At first consideration these may seem simplistic, but just as
with a winning sports team, the secret to great success is executing
the basics extraordinarily well. Here is a breakdown of each strategy
including some ideas about how to improve them.
The importance of earning the trust of the people you lead is generally
well-accepted, yet it still remains an issue. Trust is earned by doing
what you say you will do and by being the kind of person you say you
are. It’s not demonstrated by how you act during major events, but
rather in how you act in everyday situations. For example, regularly
being late to meetings demonstrates a lack of integrity. Everyone may
accept it, but it confirms to them that you can’t always be trusted to
If you want to emphasize your integrity and earn a high level
of trust, go out of your way to hold yourself to a higher standard. The
impression it creates will be notable.
Earning respect is one of those things that no one argues with and yet,
some leaders don’t have much respect from their team. The reason is
that you earn respect by showing respect and you demonstrate respect by
how you interact with others. And therein lies the problem. So much of
the way we interact with people is done out of habit. For the most
part, we act and react on autopilot. Consider our previous example of
arriving late to a meeting. Most people don’t do it consciously and in
fact, probably don’t give the act of arriving late much thought at all.
But think of the message it sends to those people sitting and waiting
for their arrival – it communicates a complete lack of respect for
their time and their value.
Since much of how we act is habitual, it’s difficult to catch
our own missteps. A good way to make a change is to enlist the help of
others (who you trust) to point out instances when you act in ways
you’d rather not.
One of the best ways to drive down performance is to tell people what
to do, how to do it and when to do it. When a leader micromanages,
he/she communicates that they don’t value, respect, or trust the people
that report to them. It undermines creativity, initiative and
engagement. Conversely, one of the best ways to drive up performance is
to give people greater autonomy. Basically, when you give people the
freedom to do their work in their own way, you’re treating adult
professionals like adults and professionals. Additionally, giving more
autonomy allows for greater accountability. It’s the best of all worlds.
A key to providing greater autonomy is to have great clarity
as to what needs to be accomplished and in what timeframe. Become clear
about what the outcome should be and then release your attachment as to
how it should get done.
It’s nice to think about having some grand and meaningful purpose, but
in fact, few people do. So rather than hope that everyone wants to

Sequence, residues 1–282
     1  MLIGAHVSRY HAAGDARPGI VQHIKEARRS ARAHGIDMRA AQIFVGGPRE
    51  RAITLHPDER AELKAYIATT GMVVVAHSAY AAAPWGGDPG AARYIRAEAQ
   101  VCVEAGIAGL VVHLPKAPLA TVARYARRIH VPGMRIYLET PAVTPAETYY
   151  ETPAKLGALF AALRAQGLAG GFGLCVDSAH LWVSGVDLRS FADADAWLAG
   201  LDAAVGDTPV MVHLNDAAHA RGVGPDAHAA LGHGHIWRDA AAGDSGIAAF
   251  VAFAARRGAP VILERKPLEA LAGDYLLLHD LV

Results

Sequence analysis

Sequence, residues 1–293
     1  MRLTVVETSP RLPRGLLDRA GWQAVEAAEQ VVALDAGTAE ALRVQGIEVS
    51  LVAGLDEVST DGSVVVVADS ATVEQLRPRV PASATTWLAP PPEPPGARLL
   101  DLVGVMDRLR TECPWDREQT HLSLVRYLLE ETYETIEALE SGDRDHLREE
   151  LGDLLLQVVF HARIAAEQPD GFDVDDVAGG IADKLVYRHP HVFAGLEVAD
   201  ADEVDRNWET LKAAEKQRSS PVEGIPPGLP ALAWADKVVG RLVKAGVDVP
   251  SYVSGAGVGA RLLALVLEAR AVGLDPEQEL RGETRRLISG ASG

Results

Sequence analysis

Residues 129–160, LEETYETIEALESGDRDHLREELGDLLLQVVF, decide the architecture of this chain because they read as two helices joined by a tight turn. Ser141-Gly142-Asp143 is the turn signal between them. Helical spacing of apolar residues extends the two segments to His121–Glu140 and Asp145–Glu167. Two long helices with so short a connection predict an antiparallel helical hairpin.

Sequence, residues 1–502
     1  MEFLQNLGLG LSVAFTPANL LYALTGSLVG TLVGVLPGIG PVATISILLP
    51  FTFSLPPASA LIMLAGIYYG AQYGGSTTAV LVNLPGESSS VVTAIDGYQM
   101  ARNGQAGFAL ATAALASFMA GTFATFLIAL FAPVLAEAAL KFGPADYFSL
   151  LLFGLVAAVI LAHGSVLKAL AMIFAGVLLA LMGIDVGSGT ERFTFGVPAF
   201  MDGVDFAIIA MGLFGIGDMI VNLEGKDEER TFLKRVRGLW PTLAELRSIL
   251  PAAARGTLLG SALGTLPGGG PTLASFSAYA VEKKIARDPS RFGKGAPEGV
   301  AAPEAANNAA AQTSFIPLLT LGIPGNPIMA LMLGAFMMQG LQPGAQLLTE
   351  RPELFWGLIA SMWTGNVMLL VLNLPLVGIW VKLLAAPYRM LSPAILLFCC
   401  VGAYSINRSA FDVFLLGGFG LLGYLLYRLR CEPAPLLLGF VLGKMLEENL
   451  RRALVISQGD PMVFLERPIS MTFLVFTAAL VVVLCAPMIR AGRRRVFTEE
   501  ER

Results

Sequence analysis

change the world, a key to driving performance is to give people a
sense of purpose to their work – in other words, a “why”. In the
absence of a reason, people will simply go through the motions. An
initiative devoid of a “why” is simply a goal, and no one will get
excited and engaged about something like “doubling sales”.
If you are serious about improving the performance of your
team, you need to provide them with a sense of purpose. “Why what
you’re doing matters.” People are always more motivated when they feel
they are making a difference.
In all of nature, things are either growing or dying. It’s hard for
someone to throw themselves into a dead-end job. If a job lacks
opportunity for personal growth or career growth, the drive to excel
In times of economic challenge and slow business growth, the
opportunities for growth are more limited, but they’re certainly not
absent. A couple of excellent strategies for creating growth
opportunities are delegation and cross-training. When you delegate
effectively, not only do you improve productivity and make that person
more valuable, but you demonstrate that you value them. The same goes
for cross-training – it adds value to the individual, the team, and the
In summary, by focusing on the basics of strong leadership and
executing those strategies well, any leader can elevate the performance
of their team. If getting outside perspective and unbiased insights on
this would help, please give me a call.
About the Author
by Michael Beck, an Executive Coach and Strategist specializing in
employee engagement, executive development, and leadership
effectiveness. Connect on LinkedIn: www.linkedin.com/in/mjbeck
and visit www.michaeljbeck.com
to learn more.
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Article Published/Sorted/Amended on Scopulus 2014-11-13 09:00:45 in Personal Articles